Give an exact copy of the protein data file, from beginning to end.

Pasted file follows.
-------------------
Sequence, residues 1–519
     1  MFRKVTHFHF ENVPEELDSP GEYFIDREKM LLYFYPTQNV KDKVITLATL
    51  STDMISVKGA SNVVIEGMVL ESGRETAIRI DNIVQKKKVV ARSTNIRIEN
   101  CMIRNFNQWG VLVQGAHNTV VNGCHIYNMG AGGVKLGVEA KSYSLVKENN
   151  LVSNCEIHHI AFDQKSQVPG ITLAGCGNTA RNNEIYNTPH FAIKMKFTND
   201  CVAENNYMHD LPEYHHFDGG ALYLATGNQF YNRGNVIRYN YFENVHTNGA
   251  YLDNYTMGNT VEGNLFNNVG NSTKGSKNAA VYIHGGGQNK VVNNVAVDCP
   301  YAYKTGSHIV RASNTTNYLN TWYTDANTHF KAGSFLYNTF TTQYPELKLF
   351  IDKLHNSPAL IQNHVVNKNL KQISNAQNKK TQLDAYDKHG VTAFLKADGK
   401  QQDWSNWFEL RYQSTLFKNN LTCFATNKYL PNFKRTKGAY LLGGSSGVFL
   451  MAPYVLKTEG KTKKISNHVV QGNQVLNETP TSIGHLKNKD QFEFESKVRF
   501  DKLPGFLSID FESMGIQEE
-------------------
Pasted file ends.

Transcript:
Sequence, residues 1–519
     1  MFRKVTHFHF ENVPEELDSP GEYFIDREKM LLYFYPTQNV KDKVITLATL
    51  STDMISVKGA SNVVIEGMVL ESGRETAIRI DNIVQKKKVV ARSTNIRIEN
   101  CMIRNFNQWG VLVQGAHNTV VNGCHIYNMG AGGVKLGVEA KSYSLVKENN
   151  LVSNCEIHHI AFDQKSQVPG ITLAGCGNTA RNNEIYNTPH FAIKMKFTND
   201  CVAENNYMHD LPEYHHFDGG ALYLATGNQF YNRGNVIRYN YFENVHTNGA
   251  YLDNYTMGNT VEGNLFNNVG NSTKGSKNAA VYIHGGGQNK VVNNVAVDCP
   301  YAYKTGSHIV RASNTTNYLN TWYTDANTHF KAGSFLYNTF TTQYPELKLF
   351  IDKLHNSPAL IQNHVVNKNL KQISNAQNKK TQLDAYDKHG VTAFLKADGK
   401  QQDWSNWFEL RYQSTLFKNN LTCFATNKYL PNFKRTKGAY LLGGSSGVFL
   451  MAPYVLKTEG KTKKISNHVV QGNQVLNETP TSIGHLKNKD QFEFESKVRF
   501  DKLPGFLSID FESMGIQEE